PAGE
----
Holidays and gifts go together. For some people shopping is not only fun but it’s an addiction. For others it’s a painful experience that they would rather not participate in. I am not a shopper. I try to avoid the mall at all cost. In fact, I’ll just come out and say it “I hate shopping”.
If holidays are supposed to be about family and traditions why is there so much pressure to “find the perfect gift” or to “outdo last year’s gifts”?
In this economy money is tight everywhere. So maybe now is the time to sit back and re-evaluate our priorities.
I admitted that I hated shopping. But I love giving gifts. I spend a great deal of time and thought on every gift that I give. I only give gifts to people that I truly like or love. I don’t just randomly hand out gifts because it’s “expected”.
As an organizer I tell my clients to “de-clutter their home”. I tell them to “give away or donate things that you do not really love, like or use”. But there is the “guilt” of giving away something that a family member or friend gave you. Even though you really, really don’t like it. Or, to be blunt, is downright ugly! I go through this a lot with my clients. So for the holidays I offer some professional and personal advice.
Don’t give gifts that you like. Give a gift that the recipient will like. If you haven’t seen them wear that green sweater with the funky design or hang that art piece on their wall, it’s not a good gift idea.
Don’t give them some decoration for their home. People like to decorate their homes themselves. They don’t like being forced to put out a decorative item just because it was given to them by a relative.
Don’t give them a gift basket of something that they are allergic to or something that they can’t eat because they are on a special diet.
Don’t give the children of friends or relatives something that their parents disapprove of. Everyone is entitled to raise their children with their own values, not yours.
Though I don’t particularly like giving gift certificates (because it’s so impersonal), there are times when it makes sense. Like when the recipient lives in another town or you don’t know their size or color preference.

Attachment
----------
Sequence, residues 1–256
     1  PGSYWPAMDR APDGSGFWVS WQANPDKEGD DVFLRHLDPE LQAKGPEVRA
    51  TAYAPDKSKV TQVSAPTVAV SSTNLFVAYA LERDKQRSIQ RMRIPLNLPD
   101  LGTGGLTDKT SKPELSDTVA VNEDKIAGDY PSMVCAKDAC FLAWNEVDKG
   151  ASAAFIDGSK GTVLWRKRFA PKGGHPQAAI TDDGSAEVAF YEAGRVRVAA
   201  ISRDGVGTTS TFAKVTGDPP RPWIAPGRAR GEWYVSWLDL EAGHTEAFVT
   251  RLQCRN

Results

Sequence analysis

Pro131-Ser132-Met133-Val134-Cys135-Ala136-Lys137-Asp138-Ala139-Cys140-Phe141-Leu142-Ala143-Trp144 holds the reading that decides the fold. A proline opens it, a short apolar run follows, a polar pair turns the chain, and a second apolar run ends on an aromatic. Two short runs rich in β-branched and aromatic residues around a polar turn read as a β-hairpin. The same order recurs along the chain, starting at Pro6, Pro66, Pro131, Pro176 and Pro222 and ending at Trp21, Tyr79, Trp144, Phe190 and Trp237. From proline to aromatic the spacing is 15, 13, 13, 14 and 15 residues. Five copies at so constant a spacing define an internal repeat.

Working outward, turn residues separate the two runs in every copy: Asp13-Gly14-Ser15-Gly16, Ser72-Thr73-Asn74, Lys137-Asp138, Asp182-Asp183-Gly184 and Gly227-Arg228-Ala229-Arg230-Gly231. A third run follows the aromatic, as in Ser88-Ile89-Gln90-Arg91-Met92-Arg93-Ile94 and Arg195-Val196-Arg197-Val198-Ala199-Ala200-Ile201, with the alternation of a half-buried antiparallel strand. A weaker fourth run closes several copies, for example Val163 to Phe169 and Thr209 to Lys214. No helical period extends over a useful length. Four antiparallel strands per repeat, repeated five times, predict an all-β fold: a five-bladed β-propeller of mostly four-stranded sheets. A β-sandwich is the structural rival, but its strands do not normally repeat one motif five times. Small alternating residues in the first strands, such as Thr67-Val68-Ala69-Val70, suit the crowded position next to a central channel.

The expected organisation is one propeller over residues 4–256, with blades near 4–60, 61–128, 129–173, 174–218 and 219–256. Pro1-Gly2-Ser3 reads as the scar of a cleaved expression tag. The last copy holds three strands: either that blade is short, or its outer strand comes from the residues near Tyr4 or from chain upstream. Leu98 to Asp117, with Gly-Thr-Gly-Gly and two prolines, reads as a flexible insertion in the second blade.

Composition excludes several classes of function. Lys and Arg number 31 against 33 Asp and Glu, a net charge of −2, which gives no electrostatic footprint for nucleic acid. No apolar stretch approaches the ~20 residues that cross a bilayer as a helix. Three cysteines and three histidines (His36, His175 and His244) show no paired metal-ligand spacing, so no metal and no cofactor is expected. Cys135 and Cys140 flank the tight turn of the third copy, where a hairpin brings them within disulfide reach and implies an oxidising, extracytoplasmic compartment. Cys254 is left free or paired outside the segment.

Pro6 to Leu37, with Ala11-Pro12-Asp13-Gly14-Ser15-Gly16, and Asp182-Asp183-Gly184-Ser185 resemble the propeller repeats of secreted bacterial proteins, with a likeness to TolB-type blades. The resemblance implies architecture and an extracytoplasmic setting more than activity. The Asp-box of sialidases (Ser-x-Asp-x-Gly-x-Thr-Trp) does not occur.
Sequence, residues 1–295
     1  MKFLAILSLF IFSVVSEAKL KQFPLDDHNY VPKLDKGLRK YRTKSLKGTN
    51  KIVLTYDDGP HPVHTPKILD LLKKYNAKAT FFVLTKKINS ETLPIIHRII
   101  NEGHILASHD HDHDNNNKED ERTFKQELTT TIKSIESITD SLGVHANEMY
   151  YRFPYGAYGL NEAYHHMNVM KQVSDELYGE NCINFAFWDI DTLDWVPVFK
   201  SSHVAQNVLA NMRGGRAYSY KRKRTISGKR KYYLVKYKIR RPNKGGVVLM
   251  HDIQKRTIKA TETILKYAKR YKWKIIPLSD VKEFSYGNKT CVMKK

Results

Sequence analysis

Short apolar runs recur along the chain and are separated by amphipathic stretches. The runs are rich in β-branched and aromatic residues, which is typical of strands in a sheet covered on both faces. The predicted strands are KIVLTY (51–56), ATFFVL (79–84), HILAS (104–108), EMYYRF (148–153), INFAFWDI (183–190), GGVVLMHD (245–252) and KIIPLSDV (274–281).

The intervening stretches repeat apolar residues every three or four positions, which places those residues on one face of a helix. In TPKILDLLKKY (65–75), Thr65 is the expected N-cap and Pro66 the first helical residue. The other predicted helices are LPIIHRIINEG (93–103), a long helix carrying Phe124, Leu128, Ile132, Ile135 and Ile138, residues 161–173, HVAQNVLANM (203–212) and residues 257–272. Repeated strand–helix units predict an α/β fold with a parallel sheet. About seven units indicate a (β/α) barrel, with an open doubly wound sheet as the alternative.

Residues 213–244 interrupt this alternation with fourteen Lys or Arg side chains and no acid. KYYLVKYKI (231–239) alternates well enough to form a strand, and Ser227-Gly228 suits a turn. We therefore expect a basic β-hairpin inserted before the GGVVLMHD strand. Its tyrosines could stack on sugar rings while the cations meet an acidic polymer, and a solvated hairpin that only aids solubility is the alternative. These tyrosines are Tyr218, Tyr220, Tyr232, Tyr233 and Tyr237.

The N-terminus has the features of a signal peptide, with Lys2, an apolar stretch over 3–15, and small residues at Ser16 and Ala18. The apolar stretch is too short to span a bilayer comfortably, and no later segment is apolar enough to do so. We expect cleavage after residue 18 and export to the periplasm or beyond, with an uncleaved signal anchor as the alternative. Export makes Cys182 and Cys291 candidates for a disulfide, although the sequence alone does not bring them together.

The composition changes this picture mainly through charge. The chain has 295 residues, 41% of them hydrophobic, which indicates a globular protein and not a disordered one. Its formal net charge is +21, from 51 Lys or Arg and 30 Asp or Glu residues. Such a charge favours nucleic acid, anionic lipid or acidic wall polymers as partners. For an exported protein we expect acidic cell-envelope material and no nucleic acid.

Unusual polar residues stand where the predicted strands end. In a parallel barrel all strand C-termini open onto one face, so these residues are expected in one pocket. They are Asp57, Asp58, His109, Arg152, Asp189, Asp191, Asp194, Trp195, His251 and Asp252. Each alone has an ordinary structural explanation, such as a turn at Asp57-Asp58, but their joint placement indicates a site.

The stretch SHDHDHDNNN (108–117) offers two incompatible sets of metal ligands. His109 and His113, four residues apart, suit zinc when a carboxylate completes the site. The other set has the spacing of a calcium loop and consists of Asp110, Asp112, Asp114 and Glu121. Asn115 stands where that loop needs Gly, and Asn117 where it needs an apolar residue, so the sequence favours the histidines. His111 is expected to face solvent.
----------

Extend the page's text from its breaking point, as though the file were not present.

Do consider giving the gift of yourself. Make time for a friend or family member and take them to an event (such as a play or movie) or a one-on-one dinner. With everyone so busy these days the gift of time means so more than a store bought gift.
Do something special for someone. Such as help them with a project that they really need help with and you have a talent for.
Do consider giving the gift of time to a friend or family member that can’t afford a babysitter and could really use some alone time with their spouse …or even by themselves.
Do consider the gift of food. Splurging on some really fun things like great cookies or beautiful pastries or appetizers that you would not buy on an ordinary day and would never consider buying for yourself. I buy my husband smoked Salmon and great crackers and individual bottles of micro brewed beer. He loves it and I get to help him enjoy it.
Do consider putting together a gift basket of basic food essentials for some friends that might be going through a rough time. In this economy that’s a lot of people and they would probably appreciate it even though you might not think it’s an especially original gift.
The holidays are about family and friends. Not outdoing each other with the best or most gifts.
Enjoy the holidays. Enjoy your family. And remember to give thanks for what you have.
Thanks to Organized A to Z Partner Karin E. Fried for contributing this article. Karen is a CPC and owner of Organizational Consulting Services. You can visit her Web site at www.organizationalconsultingservices.com.